Wilson v. WilsonAnnotate this Case
469 N.W.2d 750 (1991)
238 Neb. 219
Lisa A. WILSON, Appellee, v. Harold B. WILSON, Appellant.
Supreme Court of Nebraska.
Decided May 24, 1991.
*751 Harold B. Wilson, pro se.
No appearance for appellee.
HASTINGS, C.J., and BOSLAUGH, WHITE, CAPORALE, SHANAHAN, GRANT, and FAHRNBRUCH, JJ.
Petitioner-appellee, Lisa A. Wilson, acting pro se, filed a petition for divorce in the district court for York County, Nebraska. The petition alleged that the marriage between petitioner and respondent was irretrievably broken and should be dissolved. Respondent-appellant, Harold B. Wilson, also acting pro se, filed an "Appearance and Responsive Pleading of Respondent" alleging, in part, that "[t]he parties are both serving lengthy sentences, so lengthy that subsequent marriage by either is unlikely, and/or unlikely to be ever consemated [sic]." Respondent requested that the court "transfer this proceeding to a concilation [sic] court per Neb.Rev.Stat. 42-360" and prayed that "the court will not find that this marriage is irretrievably broken."
On August 28, 1990, the trial court ordered, "This matter is set down for trial September 18, 1990 at 11:00 a.m." Respondent then moved for an order that he be transported from the Nebraska State Penitentiary to York County for the trial. This motion was denied. Apparently, petitioner requested transportation also, and this request was also denied.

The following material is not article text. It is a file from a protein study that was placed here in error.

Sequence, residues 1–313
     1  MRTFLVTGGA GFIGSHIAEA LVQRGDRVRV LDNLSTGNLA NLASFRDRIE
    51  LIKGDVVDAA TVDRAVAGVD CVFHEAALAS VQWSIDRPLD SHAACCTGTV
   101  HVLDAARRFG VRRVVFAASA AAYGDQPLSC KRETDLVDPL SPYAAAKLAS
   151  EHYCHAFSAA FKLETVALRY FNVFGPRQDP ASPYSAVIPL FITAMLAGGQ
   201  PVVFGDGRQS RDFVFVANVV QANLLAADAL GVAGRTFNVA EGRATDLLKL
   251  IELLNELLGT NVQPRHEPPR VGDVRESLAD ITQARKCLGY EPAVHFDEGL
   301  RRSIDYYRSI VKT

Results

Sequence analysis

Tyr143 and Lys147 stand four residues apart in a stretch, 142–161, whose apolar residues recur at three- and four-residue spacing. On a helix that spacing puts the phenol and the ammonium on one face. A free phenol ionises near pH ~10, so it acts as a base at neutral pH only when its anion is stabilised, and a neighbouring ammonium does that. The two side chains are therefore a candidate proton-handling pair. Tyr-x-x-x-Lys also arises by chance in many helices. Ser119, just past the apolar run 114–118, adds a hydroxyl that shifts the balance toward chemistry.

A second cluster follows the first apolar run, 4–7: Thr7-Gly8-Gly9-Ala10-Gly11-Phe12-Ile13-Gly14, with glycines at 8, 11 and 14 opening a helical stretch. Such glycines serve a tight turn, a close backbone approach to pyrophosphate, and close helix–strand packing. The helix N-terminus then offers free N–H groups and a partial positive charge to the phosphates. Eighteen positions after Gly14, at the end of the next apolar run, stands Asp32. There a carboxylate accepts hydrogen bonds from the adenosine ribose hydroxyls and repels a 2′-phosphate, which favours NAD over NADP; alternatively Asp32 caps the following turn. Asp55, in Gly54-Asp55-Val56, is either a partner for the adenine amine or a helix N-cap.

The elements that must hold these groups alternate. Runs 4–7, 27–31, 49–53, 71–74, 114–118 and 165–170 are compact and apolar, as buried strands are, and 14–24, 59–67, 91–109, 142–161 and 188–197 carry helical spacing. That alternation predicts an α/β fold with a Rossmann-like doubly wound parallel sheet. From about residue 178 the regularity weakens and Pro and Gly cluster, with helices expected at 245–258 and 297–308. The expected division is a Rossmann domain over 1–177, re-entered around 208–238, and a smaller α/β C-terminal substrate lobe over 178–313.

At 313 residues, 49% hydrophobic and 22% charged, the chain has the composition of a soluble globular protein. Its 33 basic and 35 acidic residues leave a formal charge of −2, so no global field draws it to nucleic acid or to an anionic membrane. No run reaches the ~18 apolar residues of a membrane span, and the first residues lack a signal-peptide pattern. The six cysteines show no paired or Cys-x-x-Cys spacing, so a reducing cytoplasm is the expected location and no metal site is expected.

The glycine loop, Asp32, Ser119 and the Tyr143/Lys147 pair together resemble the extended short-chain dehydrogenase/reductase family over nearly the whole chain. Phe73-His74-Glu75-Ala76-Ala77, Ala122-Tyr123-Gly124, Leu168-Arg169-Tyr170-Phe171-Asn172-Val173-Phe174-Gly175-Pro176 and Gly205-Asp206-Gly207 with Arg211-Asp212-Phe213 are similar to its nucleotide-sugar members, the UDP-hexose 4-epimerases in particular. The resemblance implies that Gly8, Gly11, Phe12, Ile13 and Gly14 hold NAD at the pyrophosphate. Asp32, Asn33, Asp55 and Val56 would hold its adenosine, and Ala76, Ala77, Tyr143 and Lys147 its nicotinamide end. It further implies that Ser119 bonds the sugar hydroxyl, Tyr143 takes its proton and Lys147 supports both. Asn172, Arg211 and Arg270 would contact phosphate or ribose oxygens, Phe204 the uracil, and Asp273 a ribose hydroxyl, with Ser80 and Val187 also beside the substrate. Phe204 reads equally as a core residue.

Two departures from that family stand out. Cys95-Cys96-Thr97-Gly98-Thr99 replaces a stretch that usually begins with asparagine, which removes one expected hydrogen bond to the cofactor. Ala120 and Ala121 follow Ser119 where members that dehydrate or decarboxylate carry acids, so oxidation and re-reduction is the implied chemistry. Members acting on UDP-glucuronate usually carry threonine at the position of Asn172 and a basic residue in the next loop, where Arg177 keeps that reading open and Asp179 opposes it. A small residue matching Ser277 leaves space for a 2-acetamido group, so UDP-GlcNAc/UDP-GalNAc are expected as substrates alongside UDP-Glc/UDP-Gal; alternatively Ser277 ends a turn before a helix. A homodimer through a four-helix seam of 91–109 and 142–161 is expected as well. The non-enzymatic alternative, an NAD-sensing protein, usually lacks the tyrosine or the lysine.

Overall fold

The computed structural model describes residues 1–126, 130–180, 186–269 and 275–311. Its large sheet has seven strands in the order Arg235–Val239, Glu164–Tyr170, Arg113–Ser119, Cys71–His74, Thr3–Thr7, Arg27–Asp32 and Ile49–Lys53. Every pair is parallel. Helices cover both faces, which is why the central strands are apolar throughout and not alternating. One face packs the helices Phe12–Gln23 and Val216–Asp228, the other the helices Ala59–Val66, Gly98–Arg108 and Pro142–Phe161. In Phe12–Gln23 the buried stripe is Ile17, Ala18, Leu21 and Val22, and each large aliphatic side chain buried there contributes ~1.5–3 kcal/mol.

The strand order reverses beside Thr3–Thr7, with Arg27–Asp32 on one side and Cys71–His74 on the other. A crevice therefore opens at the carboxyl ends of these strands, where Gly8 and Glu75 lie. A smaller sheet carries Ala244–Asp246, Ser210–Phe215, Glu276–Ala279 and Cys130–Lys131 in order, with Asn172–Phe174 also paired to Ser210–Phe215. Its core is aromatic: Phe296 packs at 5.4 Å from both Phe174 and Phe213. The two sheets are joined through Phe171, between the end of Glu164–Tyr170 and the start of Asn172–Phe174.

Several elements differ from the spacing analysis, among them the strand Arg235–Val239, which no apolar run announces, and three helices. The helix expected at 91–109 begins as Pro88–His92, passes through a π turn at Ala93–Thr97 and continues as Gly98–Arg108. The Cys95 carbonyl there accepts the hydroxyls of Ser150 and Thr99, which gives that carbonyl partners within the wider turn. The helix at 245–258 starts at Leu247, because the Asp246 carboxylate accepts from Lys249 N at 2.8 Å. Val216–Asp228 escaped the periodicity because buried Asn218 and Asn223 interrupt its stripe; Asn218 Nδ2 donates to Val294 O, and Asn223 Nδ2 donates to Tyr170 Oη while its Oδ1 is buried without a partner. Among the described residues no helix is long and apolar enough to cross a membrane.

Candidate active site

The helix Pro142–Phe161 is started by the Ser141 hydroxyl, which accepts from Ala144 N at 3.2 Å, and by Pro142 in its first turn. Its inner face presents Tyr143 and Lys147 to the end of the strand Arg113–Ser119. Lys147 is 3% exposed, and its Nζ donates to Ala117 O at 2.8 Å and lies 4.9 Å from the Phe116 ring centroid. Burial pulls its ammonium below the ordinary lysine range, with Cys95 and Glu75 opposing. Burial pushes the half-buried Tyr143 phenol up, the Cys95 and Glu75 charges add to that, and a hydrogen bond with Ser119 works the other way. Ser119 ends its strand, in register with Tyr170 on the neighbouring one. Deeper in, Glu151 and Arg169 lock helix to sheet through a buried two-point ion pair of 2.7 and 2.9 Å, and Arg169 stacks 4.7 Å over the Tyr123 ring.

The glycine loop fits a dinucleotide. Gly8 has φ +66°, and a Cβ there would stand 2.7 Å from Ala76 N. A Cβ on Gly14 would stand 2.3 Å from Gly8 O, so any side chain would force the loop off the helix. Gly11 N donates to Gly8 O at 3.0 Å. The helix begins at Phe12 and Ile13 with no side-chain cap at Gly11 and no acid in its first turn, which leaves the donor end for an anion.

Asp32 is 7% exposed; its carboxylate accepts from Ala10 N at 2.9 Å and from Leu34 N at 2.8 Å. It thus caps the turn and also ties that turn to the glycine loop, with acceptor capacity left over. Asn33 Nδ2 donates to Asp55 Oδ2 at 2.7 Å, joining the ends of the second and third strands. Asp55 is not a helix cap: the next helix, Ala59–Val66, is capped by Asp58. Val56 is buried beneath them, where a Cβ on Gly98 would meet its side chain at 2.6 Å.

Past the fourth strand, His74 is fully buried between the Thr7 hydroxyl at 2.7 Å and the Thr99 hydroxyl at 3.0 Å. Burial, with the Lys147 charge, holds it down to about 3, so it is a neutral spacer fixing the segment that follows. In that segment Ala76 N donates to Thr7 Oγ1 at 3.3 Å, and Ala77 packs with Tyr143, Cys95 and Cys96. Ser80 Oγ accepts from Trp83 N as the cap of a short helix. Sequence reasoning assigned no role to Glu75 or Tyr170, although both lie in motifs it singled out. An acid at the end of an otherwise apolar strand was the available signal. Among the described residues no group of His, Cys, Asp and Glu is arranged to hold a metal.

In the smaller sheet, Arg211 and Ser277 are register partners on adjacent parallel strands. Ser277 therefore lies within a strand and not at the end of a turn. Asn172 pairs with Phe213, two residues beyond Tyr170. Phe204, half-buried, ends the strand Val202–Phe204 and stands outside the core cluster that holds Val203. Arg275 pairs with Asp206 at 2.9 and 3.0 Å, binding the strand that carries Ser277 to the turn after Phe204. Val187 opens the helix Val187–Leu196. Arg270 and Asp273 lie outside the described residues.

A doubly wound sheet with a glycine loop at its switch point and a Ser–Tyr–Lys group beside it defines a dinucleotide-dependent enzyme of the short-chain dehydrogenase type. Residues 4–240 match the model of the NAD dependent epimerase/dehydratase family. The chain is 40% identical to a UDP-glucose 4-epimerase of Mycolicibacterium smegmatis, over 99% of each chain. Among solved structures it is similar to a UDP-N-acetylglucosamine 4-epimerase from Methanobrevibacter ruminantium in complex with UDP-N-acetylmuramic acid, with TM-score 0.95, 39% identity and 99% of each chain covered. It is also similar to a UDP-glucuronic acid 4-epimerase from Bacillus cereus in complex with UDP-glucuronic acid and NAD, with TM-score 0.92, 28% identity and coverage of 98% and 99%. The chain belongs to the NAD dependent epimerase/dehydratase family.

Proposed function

On October 16, 1990, the court entered a decree dissolving the marriage of the parties. On October 24, 1990, respondent appealed to this court, assigning three errors, contending the district court abused its discretion in (1) not "allowing the parties to appear in person at the final divorce hearing, *752 or by not providing an alternate means for the parties to submit evidence and testimony at the hearing"; (2) rendering a decision "solely upon the parties' pleadings, which were not substantive evidence"; and (3) not "affording the parties an opportunity to effect reconciliation of the marriage." We reverse the judgment of the district court.
Our standard of review in an appeal involving an action for dissolution of marriage is de novo on the record to determine whether there has been an abuse of discretion by the trial judge, giving due weight to the fact that the trial judge, after hearing testimony and observing the witnesses, accepted one version of the facts rather than another. LaBenz v. LaBenz, 237 Neb. 231, 465 N.W.2d 726 (1991).
The record before us includes a transcript containing, among other pleadings, a verified petition, a verified response, and a decree, and a bill of exceptions. The entire bill of exceptions is as follows:([I]n the District Court of York County... neither of the parties being present either in person or by counsel, the following proceedings were had:) THE COURT: This 14548. Lisa Wilson versus Harold Wilson. The matter comes on for trial on dissolution. The Court finds it has jurisdiction of the parties and of the subject matter. The Court judicially notices the petitioner's sworn petition, accept the matterand accepts those facts alleged in therein [sic] as being true, finds that the marriage should be and is dissolved. We'll prepare a decree.